“In Pisgah [National Forest] or the Smokies, it’s very difficult to know exactly who owned the land before it became public. With DuPont, it’s not,” explains author Danny Bernstein. “You can trace all of the land to somebody who sold it or gave it away to the state.”
Jennifer Pharr Davis, owner of Asheville-based Blue Ridge Hiking Company, says there’s a simple reason behind the pent-up demand for outdoor recreation: In a world where many activities are either unsafe or unavailable, going for a hike is very appealing.
“My whole world seems to be closing,” says Danny Bernstein, an Asheville-based outdoors writer who regularly leads hikes for the Carolina Mountain Club and Friends of the Smokies. “Staying 6 feet apart is easy on the trail. But how can we have outdoor activity if almost every piece of public land is closed?”
“Spending time in nature makes people healthier, both physically and mentally. It’s now accepted that trees, streams and trails heal. Doctors are prescribing an outdoor cure for their patients on prescription pads.”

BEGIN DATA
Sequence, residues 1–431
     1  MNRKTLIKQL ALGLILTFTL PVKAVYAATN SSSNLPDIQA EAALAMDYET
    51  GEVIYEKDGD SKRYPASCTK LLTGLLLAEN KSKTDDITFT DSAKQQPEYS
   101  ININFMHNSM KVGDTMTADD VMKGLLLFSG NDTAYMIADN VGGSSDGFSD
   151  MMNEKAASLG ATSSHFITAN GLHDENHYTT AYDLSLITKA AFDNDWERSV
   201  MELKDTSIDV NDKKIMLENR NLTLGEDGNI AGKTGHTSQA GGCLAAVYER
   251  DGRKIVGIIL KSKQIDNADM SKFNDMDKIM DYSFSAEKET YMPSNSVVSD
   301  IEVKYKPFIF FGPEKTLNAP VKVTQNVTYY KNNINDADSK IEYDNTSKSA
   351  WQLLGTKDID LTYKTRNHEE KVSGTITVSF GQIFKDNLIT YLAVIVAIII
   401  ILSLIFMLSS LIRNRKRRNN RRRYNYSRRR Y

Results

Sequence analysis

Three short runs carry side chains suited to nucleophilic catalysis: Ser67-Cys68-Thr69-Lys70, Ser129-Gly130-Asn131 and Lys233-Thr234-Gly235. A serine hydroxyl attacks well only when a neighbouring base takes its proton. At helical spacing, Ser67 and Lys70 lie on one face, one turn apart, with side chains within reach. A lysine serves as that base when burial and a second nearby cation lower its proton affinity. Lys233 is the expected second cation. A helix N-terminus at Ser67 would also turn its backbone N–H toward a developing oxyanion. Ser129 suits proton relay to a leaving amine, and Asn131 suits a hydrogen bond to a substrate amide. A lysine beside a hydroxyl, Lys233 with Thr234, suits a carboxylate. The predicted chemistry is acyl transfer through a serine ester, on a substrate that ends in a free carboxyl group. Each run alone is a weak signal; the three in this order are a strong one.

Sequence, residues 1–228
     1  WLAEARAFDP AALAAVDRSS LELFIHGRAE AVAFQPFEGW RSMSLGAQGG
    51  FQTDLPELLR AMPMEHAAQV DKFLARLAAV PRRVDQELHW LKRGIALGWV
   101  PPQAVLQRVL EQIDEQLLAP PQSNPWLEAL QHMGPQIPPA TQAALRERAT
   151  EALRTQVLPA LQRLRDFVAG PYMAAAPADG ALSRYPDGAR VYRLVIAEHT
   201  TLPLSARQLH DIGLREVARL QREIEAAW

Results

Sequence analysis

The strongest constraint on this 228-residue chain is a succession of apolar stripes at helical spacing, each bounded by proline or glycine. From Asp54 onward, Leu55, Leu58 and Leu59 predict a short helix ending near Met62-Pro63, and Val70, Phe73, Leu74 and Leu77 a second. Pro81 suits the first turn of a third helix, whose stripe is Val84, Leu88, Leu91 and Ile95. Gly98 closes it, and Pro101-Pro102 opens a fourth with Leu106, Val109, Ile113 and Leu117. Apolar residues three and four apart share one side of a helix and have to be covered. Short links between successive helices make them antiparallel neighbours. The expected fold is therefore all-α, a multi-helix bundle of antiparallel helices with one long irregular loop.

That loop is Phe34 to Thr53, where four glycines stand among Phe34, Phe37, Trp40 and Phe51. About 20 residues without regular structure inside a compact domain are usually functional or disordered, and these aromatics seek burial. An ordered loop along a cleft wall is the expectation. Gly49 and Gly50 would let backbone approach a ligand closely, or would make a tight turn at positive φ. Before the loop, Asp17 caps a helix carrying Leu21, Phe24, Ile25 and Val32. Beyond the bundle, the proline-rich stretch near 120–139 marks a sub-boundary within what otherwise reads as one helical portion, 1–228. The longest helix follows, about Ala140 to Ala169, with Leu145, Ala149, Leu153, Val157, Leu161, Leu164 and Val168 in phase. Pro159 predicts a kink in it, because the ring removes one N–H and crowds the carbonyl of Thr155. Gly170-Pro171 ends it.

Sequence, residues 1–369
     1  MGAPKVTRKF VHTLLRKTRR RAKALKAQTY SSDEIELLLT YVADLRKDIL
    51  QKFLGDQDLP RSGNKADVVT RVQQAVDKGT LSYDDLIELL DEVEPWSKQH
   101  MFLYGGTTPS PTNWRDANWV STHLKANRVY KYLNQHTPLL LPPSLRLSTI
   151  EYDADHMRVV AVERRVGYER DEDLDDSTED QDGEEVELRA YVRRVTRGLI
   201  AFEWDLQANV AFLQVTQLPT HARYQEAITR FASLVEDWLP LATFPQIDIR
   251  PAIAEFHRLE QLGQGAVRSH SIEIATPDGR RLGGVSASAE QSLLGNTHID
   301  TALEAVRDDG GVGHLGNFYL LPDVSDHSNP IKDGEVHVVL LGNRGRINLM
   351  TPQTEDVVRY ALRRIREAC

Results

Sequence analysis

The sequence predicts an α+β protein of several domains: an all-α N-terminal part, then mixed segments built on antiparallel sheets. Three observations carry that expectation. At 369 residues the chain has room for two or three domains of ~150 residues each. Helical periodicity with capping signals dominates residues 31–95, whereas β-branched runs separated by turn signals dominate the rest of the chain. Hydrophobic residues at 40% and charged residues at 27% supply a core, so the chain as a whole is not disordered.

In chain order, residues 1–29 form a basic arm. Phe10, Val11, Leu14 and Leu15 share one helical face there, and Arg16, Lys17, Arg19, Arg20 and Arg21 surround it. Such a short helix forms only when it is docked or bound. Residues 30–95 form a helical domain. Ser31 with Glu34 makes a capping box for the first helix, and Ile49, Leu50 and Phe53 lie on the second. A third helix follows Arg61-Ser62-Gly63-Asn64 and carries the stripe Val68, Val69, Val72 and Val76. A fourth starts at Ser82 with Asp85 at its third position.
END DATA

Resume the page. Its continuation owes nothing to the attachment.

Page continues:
This week, learn about screenings of “A Walk in the Woods” at the Carolina Cinemas, “First in Forestry: Carl Schenck and the Biltmore Forest School” at the The Carolina Mountains Literary Festival, and “Riding My Way Back” at the Free Rein Center.
Thank you for your great article about Gary Sizer’s thru-hike on the Appalachian Trail, or AT for short [Tales From the Trail, Feb. 18, Xpress]. I’d like to add a few points: Not all 2,000-milers are thru-hikers. If your life doesn’t allow you to spend five to six months hiking the trail, you can become […]